Reproduction can be risky. In the case of katydids, some hunting bats eavesdrop on male mating calls to locate the insects, but little is known about the risk to mates as they move toward each other. A recent study by scientists at the Smithsonian Tropical Research Institute (STRI) and collaborating institutions explores the hunting behaviour of a Neotropical bat, asking whether prey movement adds to the risk that they will be eaten.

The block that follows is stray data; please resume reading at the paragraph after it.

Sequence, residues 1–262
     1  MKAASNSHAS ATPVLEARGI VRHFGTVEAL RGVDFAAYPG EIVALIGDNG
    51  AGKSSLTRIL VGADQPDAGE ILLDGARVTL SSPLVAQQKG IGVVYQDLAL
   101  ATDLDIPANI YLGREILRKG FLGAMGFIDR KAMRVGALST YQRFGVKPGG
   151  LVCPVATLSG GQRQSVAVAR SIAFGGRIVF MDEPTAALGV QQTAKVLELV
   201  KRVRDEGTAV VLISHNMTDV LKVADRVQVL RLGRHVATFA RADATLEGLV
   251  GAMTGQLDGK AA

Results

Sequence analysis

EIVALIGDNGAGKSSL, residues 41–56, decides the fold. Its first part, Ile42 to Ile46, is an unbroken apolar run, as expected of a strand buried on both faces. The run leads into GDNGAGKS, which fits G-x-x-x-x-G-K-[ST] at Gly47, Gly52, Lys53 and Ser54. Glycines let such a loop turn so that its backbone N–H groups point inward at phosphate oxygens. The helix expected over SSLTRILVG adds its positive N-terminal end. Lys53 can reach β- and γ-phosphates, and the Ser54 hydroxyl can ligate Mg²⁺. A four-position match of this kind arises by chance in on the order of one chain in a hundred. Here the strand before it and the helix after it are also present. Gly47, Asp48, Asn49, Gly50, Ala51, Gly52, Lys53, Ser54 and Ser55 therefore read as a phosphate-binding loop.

Inga Geipel, a Tupper postdoctoral fellow at STRI and lead author of the study, and her colleagues, observed the predation behaviour of Micronycteris microtis, a gleaning bat species that loves to eat katydids, as they responded to different prey behaviour. Common in Central and South America, M. microtis can detect silent and motionless prey through echolocation alone. MORE
Header image: Christian Ziegler.